Sampling for Mercury in Dental Waste

Determining Mercury Concentration in Waste Streams

Businesses that generate waste in Washington State are subject to the Washington State Dangerous Waste Regulations, Chapter 173-303, Washington Administrative Code (WAC), and must designate their waste streams to determine if their waste exceeds dangerous waste limits.

Dental offices across the state create a wide variety of waste during the course of a normal business day. Dental waste, which often includes mercury and silver, needs to be managed properly to avoid negative environmental impacts.

Because of the threat to human health and the environment posed by mercury and silver, dental offices are also subject to all of the dangerous waste requirements of the inspection requirements of Chapter 70.105 RCW Hazardous Waste Management.

A dental office that places or removes mercury amalgam fillings without an amalgam separator installed may exceed the dangerous waste designation limit for mercury (0.2 mg/L or ppm) for its waste water. To help prevent the discharge of mercury or other dangerous waste elements into the environment, the dental office have three options. They may:

The collected amalgam sludge and associated filters must be disposed of properly (most likely as a dangerous waste). If separator is maintained correctly, no additional information is needed. However, all records of waste shipments must be kept on-site and provided to the Department of Ecology (Ecology) or your local representative, if requested.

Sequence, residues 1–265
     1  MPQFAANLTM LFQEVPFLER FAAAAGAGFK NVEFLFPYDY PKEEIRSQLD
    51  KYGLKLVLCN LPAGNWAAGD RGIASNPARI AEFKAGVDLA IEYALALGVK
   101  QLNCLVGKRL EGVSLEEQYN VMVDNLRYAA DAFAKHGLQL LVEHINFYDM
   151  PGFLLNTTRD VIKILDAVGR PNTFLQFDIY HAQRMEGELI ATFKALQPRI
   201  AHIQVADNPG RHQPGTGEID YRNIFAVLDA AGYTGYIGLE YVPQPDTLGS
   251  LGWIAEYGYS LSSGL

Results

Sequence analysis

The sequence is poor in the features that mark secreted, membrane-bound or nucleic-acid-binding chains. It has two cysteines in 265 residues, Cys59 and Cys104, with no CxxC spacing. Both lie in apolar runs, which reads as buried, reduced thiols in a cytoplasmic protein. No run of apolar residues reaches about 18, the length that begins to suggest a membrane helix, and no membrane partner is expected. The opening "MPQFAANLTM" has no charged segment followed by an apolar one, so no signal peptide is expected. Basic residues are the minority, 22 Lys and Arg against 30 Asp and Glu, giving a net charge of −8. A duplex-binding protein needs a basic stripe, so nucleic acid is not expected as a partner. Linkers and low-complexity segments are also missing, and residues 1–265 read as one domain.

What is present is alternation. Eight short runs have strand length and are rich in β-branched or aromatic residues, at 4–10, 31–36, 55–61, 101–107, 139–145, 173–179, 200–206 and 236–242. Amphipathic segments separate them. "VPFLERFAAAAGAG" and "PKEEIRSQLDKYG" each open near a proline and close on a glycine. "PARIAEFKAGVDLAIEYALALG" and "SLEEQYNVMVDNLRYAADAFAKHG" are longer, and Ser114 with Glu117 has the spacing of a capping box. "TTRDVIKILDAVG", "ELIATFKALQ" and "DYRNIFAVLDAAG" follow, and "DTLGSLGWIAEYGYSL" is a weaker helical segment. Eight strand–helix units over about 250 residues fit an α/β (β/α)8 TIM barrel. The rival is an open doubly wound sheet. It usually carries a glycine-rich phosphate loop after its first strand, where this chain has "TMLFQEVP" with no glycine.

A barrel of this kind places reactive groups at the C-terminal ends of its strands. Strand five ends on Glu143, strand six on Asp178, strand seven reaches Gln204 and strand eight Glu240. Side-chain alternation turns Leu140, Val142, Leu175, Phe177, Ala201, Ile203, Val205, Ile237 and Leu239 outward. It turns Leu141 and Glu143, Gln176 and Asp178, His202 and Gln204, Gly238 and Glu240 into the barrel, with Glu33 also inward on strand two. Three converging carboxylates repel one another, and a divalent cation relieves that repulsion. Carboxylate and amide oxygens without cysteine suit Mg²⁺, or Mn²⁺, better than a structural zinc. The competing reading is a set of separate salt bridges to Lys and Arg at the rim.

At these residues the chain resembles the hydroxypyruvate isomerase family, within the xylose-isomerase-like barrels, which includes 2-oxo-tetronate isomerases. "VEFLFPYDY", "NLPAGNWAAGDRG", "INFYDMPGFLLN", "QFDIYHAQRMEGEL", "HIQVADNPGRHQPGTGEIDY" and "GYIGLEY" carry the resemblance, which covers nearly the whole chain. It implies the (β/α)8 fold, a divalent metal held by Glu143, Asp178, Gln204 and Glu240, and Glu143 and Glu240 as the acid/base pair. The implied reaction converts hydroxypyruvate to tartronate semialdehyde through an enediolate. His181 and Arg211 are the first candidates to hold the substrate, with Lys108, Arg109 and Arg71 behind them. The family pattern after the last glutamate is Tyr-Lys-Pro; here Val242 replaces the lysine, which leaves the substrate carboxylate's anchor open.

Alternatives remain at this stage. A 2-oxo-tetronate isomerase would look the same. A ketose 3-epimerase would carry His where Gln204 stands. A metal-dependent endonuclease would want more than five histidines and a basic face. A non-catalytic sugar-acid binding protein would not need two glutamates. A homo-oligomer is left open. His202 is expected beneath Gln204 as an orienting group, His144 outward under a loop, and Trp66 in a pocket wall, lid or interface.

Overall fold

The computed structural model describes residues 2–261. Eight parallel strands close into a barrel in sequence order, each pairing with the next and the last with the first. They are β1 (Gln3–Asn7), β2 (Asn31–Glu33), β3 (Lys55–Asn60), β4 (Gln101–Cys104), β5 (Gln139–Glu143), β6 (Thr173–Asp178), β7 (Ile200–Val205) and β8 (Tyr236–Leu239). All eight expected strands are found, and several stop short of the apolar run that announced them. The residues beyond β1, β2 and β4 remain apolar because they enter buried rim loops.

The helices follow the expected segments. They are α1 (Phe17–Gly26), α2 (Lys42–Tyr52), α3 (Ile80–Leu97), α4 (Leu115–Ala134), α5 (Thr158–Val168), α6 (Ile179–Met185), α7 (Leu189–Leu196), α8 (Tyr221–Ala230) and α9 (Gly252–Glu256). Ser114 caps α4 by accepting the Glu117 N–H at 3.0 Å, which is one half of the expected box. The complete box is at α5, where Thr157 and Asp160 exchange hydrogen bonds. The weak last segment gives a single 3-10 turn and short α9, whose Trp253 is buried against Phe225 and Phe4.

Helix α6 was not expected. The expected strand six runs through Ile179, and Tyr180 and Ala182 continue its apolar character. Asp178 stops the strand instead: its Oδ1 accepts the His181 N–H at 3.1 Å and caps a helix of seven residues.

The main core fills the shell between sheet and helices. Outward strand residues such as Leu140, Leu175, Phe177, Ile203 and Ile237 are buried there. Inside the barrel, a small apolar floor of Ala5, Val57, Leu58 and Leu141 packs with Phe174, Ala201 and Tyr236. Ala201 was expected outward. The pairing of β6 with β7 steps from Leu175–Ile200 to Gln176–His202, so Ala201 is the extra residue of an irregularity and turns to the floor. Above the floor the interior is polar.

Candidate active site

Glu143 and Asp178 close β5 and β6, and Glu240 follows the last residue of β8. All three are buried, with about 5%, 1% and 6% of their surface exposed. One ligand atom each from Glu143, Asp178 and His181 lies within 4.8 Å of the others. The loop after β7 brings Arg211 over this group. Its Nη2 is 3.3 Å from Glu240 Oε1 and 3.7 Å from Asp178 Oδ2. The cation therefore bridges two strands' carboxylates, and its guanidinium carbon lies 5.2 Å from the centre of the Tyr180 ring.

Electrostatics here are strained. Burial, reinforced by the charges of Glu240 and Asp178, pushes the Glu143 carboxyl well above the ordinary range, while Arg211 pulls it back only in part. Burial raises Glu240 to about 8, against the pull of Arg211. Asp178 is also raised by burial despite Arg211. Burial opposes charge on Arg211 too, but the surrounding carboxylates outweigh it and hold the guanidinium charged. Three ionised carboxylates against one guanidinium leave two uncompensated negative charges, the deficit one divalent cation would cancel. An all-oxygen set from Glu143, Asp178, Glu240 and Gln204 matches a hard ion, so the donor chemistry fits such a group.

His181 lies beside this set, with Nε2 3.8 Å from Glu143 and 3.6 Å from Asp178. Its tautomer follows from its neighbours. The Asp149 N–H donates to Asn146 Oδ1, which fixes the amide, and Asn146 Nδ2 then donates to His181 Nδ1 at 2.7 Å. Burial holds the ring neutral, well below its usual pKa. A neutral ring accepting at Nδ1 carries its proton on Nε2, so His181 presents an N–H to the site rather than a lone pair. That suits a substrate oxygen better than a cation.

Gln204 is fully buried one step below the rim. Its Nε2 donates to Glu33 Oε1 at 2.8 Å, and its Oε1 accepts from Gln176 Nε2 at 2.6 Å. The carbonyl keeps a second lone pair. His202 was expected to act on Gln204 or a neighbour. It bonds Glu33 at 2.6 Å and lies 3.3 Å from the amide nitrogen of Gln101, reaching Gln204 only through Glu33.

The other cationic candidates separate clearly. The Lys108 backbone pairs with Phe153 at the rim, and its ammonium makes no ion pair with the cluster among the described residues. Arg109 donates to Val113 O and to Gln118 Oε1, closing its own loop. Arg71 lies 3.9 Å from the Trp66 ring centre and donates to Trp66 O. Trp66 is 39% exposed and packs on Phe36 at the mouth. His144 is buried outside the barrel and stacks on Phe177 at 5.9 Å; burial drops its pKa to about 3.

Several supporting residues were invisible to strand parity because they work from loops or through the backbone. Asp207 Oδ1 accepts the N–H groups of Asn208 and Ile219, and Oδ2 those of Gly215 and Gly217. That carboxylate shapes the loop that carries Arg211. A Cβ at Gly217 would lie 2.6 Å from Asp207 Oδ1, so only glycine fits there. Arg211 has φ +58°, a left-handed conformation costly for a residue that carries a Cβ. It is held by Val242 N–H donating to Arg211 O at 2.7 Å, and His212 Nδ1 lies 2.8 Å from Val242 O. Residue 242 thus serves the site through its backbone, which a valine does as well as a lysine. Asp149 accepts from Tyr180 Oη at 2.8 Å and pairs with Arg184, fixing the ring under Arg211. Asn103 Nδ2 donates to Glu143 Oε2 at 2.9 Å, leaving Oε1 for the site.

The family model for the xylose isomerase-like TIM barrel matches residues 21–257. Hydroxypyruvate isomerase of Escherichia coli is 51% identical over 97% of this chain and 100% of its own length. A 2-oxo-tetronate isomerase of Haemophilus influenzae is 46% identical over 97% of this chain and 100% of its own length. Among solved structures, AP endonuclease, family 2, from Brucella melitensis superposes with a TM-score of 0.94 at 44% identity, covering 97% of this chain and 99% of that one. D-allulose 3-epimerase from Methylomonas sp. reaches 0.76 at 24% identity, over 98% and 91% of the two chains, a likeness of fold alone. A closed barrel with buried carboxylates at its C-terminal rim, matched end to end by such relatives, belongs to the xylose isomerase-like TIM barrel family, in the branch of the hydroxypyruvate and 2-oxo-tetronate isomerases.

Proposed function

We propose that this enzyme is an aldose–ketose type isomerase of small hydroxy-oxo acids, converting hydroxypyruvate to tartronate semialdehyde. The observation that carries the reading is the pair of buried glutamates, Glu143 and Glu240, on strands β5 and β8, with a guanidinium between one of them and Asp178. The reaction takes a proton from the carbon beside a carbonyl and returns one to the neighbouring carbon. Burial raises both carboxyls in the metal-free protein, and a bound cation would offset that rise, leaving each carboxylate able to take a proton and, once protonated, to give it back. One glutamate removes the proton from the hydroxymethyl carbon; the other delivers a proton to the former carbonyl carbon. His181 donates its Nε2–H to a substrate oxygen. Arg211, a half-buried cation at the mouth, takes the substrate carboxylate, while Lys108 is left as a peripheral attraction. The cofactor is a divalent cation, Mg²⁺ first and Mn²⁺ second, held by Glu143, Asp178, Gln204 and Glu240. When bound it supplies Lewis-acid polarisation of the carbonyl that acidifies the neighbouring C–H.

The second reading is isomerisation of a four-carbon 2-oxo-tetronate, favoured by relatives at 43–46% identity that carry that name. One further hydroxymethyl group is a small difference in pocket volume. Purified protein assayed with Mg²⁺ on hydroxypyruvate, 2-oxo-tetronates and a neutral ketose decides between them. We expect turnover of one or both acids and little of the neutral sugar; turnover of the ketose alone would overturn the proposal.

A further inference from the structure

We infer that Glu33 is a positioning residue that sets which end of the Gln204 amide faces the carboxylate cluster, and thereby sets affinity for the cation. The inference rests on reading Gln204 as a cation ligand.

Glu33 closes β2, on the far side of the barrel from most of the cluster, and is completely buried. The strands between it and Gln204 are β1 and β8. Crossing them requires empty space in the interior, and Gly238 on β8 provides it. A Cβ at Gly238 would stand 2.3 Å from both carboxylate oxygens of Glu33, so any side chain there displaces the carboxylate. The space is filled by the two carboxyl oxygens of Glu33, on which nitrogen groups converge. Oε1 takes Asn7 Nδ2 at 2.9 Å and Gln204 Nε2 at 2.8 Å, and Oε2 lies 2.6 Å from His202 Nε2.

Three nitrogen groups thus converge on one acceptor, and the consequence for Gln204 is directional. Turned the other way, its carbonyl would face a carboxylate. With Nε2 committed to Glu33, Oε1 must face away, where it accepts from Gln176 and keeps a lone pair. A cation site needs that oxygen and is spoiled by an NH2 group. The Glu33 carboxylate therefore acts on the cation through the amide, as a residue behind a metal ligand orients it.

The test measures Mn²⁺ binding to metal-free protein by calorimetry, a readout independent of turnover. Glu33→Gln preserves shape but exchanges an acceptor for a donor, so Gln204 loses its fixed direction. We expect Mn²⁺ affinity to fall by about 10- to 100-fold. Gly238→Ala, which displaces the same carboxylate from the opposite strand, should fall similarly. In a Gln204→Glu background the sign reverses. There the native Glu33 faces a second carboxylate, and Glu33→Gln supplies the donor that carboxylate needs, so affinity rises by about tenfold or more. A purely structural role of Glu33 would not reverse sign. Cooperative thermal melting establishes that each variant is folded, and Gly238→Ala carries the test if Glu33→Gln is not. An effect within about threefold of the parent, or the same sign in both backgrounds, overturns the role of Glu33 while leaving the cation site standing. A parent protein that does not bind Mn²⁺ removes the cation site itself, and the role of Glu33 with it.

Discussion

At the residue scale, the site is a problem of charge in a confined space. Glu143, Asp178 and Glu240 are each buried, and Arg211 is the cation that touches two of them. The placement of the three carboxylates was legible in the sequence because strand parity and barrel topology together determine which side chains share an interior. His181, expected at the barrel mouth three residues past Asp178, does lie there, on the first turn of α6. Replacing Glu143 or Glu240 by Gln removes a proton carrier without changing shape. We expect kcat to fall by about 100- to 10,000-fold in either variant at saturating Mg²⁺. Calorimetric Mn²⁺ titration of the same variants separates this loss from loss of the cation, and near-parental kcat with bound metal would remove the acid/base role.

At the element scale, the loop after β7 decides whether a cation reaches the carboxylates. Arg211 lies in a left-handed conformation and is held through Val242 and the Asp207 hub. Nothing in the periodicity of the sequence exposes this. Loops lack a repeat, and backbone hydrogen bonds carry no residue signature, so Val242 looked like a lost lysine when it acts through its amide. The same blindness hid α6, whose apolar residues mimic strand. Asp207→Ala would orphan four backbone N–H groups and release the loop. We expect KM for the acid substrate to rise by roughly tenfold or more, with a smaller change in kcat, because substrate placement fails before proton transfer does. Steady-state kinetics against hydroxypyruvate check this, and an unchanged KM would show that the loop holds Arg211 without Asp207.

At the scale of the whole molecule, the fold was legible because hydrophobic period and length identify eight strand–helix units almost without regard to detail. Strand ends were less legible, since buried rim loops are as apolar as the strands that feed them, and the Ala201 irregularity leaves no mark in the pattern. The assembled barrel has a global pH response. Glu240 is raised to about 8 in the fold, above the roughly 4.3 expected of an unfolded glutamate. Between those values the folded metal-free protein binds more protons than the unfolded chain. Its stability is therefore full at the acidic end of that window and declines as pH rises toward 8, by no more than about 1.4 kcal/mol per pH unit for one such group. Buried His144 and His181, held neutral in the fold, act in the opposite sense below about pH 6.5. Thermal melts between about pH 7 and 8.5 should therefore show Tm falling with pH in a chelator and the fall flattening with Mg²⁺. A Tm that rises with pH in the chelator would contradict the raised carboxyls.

Contact Ecology for further information about this method.

Dental offices may test their waste stream and prove through analytical data that the waste stream does not designate as a dangerous waste. Although Ecology finds this option burdensome, expensive, and time-consuming, information on this process is included below.

Contact your local government representatives and your waste water treatment plant for additional requirements.

Discharging Dental Wastewater into the King County Sewer System. is a PDF publication that offers information on King County’s dental program requirements, as an example of the type of additional requirements that may be necessary.